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Keynotes

Keynotes

Kamilla György Ullholm, universitetslektor vid Stockholms universitet

Kamilla György Ullholm är uppvuxen i ett mångetniskt och flerspråkigt område i Transylvanien och har alltid varit fascinerad av språk. Hur språk förenar och särskiljer, hur vi med hjälp av språket strukturerar världen och hur inlärningen av ett nytt språk öppnar nya fönster i vårt medvetande och ändrar vår syn på livet och världen. Efter universitetsstudier i Budapest (MA germanistik, MA skandinavistik och en gymnasielärarutbildning) ändrade hon kurs till Stockholm för att fördjupa sig i tvåspråkighetsforskning, fastnade för ämnet och stannade kvar.

Sedan 2012 tjänstgör Kamilla György Ullholm vid institutionen som universitetslektor i svenska som andraspråk. Hennes arbetsuppgifter omfattar undervisning, forskning och utveckling av nya kurser och verksamheter vid Stockholms universitets språklärarutbildningar.

 

Keynote: Från vardagsspråk till ämnesspråk – Hur kan vi stimulera barn till ett glädjefyllt lärande i skolan på ett andraspråk?

En föreläsning om språk- och kunskapsutvecklande arbetssätt med presentationer av några tankemodeller som hjälper lärare att strukturera upp sin undervisning på ett sätt som stärker elevernas utveckling av andraspråket. I föreläsningen berörs följande aspekter:

  • skillnader mellan vardagsspråk, skolspråk och ämnesspråk
  • vad en lärare kan göra i form av planerad och oplanerad stöttning (på engelska scaffolding) på lektionstid,
  • lektionsplanering baserad på koncepten kontextuellt stöd och kognitiv utmaning
  • cirkelmodellen som ett exempel på detta tänk.

Julia Festman, professor i flerpråkighet vid Pädagogische Hochschule Tirol/Österrike

Julia Festman is professor of Multilingualism at the Pedagogical University Tyrol in Austria. Before arriving in Austria, she was head of an interdisciplinary research group at the University of Potsdam, Germany and P.I. of the RASCH-project. This empirical, interdisciplinary project focused on the acquisition of reading and writing in primary school and is based on a large cohort of third-grade children in the Berlin area. After her studies at the Universities of Bamberg and Berlin (teacher training) she went to Israel (Bar Ilan University) for her Ph.D. on trilingualism. She also spent a year in France teaching in a high school, and in the UK (University of Exeter) for a post-doc research project. Her research covers psycholinguistic and neuroscientific approaches to acquisition, learning and processing of language(s). Moreover, due to her interest in the best, supportive conditions and environments for learning, her research projects in the UK, Israel, Germany and Austria focus on language acquisition in kindergarten, at school, and in international families.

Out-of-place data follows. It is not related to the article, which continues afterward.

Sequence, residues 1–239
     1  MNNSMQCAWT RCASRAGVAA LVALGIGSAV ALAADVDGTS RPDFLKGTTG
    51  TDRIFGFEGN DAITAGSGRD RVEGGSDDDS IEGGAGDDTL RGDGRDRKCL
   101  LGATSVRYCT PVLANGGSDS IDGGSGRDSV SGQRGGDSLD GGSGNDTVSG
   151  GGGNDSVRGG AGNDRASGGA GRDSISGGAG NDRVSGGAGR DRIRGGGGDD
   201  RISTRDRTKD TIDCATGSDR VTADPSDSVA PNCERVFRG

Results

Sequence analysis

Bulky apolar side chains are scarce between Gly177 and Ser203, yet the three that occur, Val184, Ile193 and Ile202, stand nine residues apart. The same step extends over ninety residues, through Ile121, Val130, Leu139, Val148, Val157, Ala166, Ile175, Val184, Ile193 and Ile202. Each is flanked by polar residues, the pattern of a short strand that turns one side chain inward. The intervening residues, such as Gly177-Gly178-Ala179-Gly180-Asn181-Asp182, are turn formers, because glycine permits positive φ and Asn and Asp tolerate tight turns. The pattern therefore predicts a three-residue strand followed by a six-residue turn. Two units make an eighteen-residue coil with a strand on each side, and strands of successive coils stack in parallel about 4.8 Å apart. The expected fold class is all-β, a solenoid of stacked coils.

Her publications include journal articles on language switching, the diversity of bilinguals, the bilingual advantage debate and books on raising multilingual children, reading in primary school as well as many book chapters such as the psycholinguistics of multilingualism in Singleton & Aronin (2019).

 

Keynote: On the importance of self-concept and emotion in multilingual education

From early on, multilinguals choose – whenever possible – which language to use for a certain context, with a certain person. In some everyday contexts, they follow institutionally predefined language use patterns, e.g. the official school language, or the common language spoken in their kindergarten. Among the factors for their own language-choices are emotions towards the available languages and the speaker’s own perception of how well each language is mastered. The notion of self-concept comprises the individual’s ideas of him/herself (Shavelson, Hubner, & Stanton, 1976) including competences in diverse skills.

The importance of knowledge about the development of self-concept is a much-underestimated aspect in teacher or pedagogue training despite its high importance for the speakers. A positive self-concept, essential for a healthy personality and identity development (Hellmich, 2011), is related to and influences academic achievement (Martschinke, 2011). Learning environment and appropriate, supportive feedback are crucial factors for shaping one’s self-concept, starting with exaggerated positive self-concept during the kindergarten age progressively differentiated with increasing age (Möller et al., 2015). At school, external evaluations, judgments, feedback from significant others (e.g. teachers, peers, parents) are the core means by which children shape their self-concepts.

To reveal multilingual speakers emotional connection to each of their languages, the language portrait (Neumann, 1991) is often used. Based on this information, the pedagogue is supposed to understand better what importance, value and experience a speaker attributes to a certain language. This might offer the possibility to take this information into consideration and into account when planning lessons, activities and adapting teaching strategies.

The keynote with draw on empirical evidence from two studies. The data from a study with linguistically diverse kindergarten children (PROBIMUC, Festman 2018) will show how self-concept in two languages develops in the course of an immersion intervention. The second study (Festman & Schwieter, 2019) gives insight into mono- and multilingual children’s realistic self-concept evaluations in reading and spelling. This evidence will be used to develop descriptions of implications for pedagogical actions.

Uppdaterad 30.1.2020